Kepa Morgan, a senior lecturer in engineering at the University of Auckland in New Zealand and a member of the Māori People, will discuss an effective Māori model for looking at sustainability issues at the 2016 Phyllis Berger Memorial Lecture set for 6:30 p.m. Wednesday, Nov. 9, in Room 339 of Leon Johnson Hall. The lecture is free and open to the public.
Morgan, who identifies as a Ngāti Pikiao, Te Arawa - Māori, will lecture on “Avoiding Environmental Catastrophe through Empowering Indigenous Ways of Knowing.” The lecture resulted from his doctoral dissertation that provided a framework for his continued research on the Mauri model for decision making, which Morgan explains is a concept meaning life supporting capacity. The word differs slightly from Maori, which means normal, he said.
Morgan will lecture about that model and how it communicates sustainability issues equally well in both indigenous and scientific paradigms. Morgan said the framework is a holistic assessment tool that facilitates the integration of economic, social, environmental and cultural priorities in a transparent and inclusive way that can predict indigenous and other preferences within the decision context.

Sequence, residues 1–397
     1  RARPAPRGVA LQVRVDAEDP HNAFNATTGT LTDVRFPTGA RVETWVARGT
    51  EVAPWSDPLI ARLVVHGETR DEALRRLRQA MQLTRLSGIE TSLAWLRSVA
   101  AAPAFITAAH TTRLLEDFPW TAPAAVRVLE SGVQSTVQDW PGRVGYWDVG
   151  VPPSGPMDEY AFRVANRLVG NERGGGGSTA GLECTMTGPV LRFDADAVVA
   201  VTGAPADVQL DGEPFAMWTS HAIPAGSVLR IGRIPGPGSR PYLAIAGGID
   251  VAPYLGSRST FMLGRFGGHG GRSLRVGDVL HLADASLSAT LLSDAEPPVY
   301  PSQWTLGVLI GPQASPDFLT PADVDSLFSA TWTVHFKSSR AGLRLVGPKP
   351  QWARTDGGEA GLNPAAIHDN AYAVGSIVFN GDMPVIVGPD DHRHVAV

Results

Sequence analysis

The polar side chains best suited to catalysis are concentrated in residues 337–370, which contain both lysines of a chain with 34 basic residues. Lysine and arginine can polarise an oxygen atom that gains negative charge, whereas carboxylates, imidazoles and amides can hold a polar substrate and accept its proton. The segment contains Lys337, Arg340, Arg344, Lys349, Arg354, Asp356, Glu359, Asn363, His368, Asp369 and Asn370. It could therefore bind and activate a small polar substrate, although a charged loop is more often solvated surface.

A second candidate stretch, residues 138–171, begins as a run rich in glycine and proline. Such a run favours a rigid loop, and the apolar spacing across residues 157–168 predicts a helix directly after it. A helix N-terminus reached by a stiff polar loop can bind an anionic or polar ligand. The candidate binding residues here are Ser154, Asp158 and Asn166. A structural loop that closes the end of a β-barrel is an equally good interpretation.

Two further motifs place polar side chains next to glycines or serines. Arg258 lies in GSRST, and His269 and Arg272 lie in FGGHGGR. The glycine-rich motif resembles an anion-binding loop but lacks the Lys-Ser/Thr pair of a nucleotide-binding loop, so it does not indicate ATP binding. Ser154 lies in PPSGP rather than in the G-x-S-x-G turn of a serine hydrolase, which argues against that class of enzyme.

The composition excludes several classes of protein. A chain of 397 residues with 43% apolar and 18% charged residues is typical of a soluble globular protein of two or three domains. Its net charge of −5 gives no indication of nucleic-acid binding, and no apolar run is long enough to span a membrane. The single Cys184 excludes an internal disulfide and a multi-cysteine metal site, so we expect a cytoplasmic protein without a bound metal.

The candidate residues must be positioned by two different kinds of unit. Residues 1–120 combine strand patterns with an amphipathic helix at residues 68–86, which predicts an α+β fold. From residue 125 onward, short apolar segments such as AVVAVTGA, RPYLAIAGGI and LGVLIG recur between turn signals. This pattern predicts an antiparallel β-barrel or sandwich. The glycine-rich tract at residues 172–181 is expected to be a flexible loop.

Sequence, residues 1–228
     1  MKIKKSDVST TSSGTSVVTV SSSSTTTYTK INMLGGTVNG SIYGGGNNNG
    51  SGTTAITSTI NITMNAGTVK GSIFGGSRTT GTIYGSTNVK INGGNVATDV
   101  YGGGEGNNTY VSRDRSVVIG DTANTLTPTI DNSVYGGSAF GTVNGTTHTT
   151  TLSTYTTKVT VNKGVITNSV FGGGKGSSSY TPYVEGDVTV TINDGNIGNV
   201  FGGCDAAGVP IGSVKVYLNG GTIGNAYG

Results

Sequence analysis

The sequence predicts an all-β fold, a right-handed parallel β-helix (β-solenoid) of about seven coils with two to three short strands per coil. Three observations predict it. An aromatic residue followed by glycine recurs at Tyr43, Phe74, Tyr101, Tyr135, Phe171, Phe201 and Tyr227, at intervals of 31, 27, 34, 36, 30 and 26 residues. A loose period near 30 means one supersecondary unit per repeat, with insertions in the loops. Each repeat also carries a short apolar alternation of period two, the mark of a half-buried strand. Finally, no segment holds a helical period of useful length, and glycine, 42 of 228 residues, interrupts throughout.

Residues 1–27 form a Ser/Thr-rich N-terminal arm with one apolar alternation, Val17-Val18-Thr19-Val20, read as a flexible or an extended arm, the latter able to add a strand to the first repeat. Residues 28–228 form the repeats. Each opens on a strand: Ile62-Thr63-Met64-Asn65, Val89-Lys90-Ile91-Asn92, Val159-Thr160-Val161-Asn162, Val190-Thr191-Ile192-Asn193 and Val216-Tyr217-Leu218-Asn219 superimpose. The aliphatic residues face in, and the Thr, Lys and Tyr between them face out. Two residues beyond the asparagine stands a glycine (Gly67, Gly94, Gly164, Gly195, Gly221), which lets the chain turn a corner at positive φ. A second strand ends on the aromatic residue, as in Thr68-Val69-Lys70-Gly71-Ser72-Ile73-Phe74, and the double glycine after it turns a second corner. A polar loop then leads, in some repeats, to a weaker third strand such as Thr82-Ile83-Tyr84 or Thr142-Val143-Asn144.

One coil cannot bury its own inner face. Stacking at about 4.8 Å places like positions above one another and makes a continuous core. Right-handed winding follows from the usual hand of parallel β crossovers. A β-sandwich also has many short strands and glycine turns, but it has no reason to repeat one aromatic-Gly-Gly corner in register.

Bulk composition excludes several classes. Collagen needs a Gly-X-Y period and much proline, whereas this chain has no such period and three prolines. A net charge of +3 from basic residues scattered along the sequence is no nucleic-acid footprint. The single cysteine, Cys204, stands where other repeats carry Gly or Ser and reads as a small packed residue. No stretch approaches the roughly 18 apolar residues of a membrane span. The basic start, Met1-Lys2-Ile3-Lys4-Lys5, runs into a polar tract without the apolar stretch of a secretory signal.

Morgan holds a bachelor’s degree in civil engineering from the University of Auckland, a graduate diploma in management and an MBA in technology, both from Deakin University in Australia, and a Ph.D. in civil engineering from the University of Auckland, where he has been a member of the faculty since 2000.
Morgan says his research is informed by the Maori and Pasifika worldviews, knowledge, practices and values and conducted in accordance with Maori tikanga, values and aspirations of respect, responsiveness and reciprocity. He said his work involves research processes and practices that are consistent with indigenous values.
The annual Berger Memorial Lecture honors the memory of MSU benefactor Phyllis Berger and is offered each year at MSU by a nationally recognized Native American, Native Alaskan or Native Hawaiian scholar, artist or leader speaking on Native history, cultures or contemporary issues of interest and importance to both Indian and non-Indian people.
For more information, call the Department of Native American Studies at 994-3881.
Lisa Stevenson (406) 994-3884, firstname.lastname@example.org